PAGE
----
Hundreds of women took part in a so-called miniskirt protest in Kenya’s capital Nairobi on Monday, expressing support for the victim of a mob attack who was targeted and stripped due to clothing her assailants deemed provocative.
“My dress, my choice,” read some of the banners on display as demonstrators marched from Uhuru Park in the city center to a downtown bus station where the woman, who has not been identified, was subjected to the humiliating attack.
It follows the emergence last week of grainy cell phone video that showed a group of Kenyan men surrounding the victim before grabbing, grasping and yanking at her clothes until she is naked. Several similar videos have also recently emerged. It has resulted in a groundswell of anger leading up to Monday’s protest, at which a majority of those participating were women.
"Women are being assaulted," protester Diana Okello told Al Jazeera. "We especially want to know what the women we chose as leaders are doing."
Rachel Machua, another demonstrator, wore what she called "a little black dress ... my normal outfit" to Monday's protest. She views the recent attacks as stemming from socio-economic conditions: Lower income men are attacking successful, well-dressed women.
"Kenyan men are in different groups. My father wanted me to be here and said you can dress however you want. Then there are others who think you are out of their reach, and they try to victimize you," Machua, 26, who runs an aid group called Transforming Generations, told The Associated Press.
While the country's foreign minister is a woman, few women hold high-ranking elected office. Parliament is a virtual men's club, unlike in neighboring Rwanda, where more than half of parliament is female.
The protest was attended predominantly by women, but around one in ten demonstrators were men, according to an estimate by the Associated Press. James Wamathai, told the news agency he was marching because he believes in equal rights.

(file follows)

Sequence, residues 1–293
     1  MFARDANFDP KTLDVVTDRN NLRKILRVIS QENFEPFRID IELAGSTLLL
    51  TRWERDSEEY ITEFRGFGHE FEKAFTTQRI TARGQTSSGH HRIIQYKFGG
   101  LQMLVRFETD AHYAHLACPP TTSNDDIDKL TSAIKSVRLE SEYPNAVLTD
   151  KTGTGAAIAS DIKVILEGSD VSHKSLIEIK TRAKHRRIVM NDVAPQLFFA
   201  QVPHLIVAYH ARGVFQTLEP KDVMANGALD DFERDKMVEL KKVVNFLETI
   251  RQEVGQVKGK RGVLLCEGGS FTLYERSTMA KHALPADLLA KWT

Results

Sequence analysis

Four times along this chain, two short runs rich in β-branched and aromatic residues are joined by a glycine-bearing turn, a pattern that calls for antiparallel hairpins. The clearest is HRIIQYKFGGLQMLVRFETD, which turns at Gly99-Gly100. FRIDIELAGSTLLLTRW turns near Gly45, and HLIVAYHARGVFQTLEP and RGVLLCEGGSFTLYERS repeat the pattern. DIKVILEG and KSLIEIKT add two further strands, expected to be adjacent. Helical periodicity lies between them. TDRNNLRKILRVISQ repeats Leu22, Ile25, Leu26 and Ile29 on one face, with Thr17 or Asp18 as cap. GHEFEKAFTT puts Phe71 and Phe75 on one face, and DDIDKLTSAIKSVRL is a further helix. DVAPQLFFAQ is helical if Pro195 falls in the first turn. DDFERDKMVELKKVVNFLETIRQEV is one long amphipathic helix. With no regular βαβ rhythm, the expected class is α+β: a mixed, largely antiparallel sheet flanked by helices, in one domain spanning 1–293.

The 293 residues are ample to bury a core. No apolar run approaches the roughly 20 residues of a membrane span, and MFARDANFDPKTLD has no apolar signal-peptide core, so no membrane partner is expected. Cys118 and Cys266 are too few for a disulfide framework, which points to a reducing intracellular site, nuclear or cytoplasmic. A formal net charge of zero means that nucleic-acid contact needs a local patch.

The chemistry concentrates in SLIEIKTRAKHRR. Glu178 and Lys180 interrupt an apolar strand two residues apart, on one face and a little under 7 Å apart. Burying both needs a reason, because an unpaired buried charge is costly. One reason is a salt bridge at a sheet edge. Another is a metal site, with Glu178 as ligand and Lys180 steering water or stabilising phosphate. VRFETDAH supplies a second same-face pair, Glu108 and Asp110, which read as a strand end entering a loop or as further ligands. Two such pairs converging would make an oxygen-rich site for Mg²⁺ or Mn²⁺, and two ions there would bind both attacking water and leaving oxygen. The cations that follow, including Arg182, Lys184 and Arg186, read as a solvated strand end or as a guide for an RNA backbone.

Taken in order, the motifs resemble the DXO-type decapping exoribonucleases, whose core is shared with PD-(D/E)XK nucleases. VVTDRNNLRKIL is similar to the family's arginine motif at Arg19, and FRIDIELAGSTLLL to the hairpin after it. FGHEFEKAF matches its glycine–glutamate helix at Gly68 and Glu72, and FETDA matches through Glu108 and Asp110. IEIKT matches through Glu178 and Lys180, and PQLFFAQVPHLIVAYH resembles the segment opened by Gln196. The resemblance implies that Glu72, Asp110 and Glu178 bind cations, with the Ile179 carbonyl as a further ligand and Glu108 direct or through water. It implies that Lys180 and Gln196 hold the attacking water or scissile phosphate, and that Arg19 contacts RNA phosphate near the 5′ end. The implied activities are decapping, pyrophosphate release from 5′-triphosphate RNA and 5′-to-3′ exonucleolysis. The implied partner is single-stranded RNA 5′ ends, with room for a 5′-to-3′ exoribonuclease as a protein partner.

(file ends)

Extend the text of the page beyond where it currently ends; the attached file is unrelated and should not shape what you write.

"I think it's really horrible, and no women should have to go through that," said Wamathai, 33. "It's a weird sexual fetish. If you see some of the videos some of the men are groping the women. ... But it's not based on anything because in Africa we didn't used to wear clothes."
About 100 yards from the marchers, park worker Ulda Akinyi told reporters that she has instructed her three daughters to dress conservatively for fear of attracting unwanted attention. "Wearing miniskirts is the devil's work," said Akinyi.
Men gathered against a nearby fence. Most said they didn't support the cause. A man who gave only his first name, John, said he didn't want Kenya's women to "seduce" him by wearing revealing clothing.
"It's like three-quarters naked if you are wearing one of those short skirts," said David Ndongo, who works on one of Kenya's mini transport buses known as matatus, where women can also face harassment.
Kenya's Public Prosecution office has said the video of the bus station attack would be analyzed "with a view to identifying, apprehending and immediately bringing to justice the perpetrators of this heinous incident.”
The police, however, told Al Jazeera they couldn’t take the case further because the woman did not file a complaint.
Al Jazeera and wire services. Catherine Soi contributed to this report from Nairobi.